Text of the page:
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In this blog, there will be a variety of material: thoughts on Bible books, book reviews, historical characters, aspects of Scottish church history and other things.

Wednesday, 27 March 2013

The Messenger of the Covenant (Malachi 3:1-5)

In verse 1, God is speaking as we can see from the last phrase ‘says the Lord of hosts’. Yet he also describes the coming One as the Lord, which means that in this verse we have one divine person speaking about another divine person. Since the one that is to come is Jesus, the Son, it is likely that the speaker in verse 1 is the Father.

Not only is Jesus divine, he is also called ‘the messenger of the covenant’.  The term ‘messenger’ means delegate or representative. When Jesus arrives, he is going to teach Israel about the covenant, which is a reference to the way that God deals with sinners.

The Saviour, when he came, gave instructions about the covenant ways of God. As far as the people in general were concerned, he pointed out to them how they had failed to keep their covenant commitments, how they had broken God’s law. Yet he also referred often to the promises made to Abraham; for example, when the centurion revealed that he had faith, Jesus spoke about the great number that would come from the east and west and sit down with Abraham, Isaac and Jacob, which was a reference to the covenant God made with Abraham. Further, he spoke with his disciples in the upper room about the fulfilment of the new covenant prophesied by Jeremiah in which the inner heart of his people would be changed.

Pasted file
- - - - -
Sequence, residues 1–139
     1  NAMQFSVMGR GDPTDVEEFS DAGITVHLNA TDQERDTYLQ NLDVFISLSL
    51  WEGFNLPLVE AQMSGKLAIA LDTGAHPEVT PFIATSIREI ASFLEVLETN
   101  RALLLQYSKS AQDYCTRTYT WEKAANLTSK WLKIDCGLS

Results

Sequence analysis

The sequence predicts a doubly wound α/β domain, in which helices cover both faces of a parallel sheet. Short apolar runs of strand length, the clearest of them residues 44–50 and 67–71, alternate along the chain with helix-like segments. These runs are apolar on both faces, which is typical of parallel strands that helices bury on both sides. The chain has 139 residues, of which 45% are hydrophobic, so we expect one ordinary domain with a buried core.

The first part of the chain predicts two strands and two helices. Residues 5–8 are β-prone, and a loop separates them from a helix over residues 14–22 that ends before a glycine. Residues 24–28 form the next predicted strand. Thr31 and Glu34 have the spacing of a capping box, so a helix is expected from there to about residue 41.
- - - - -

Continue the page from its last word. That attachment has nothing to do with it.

The teaching of the divine Messenger was clearly different from that of the previous prophets. One obvious difference was the fullness with which Jesus taught. Not only was the teaching of Jesus fuller than the messages of the prophets, it was also different in that he was the subject of his own teaching. They spoke about him, he spoke of himself.

Malachi states that the Messenger will come to his temple. Twice Jesus came to the temple in Jerusalem and discovered inappropriate practices taking place. On each occasion he cleared the temple of those who sold animals and other products and overthrow the tables of the moneychangers. The situations he found indicate that nothing had improved since the days of Malachi four hundred years previously.

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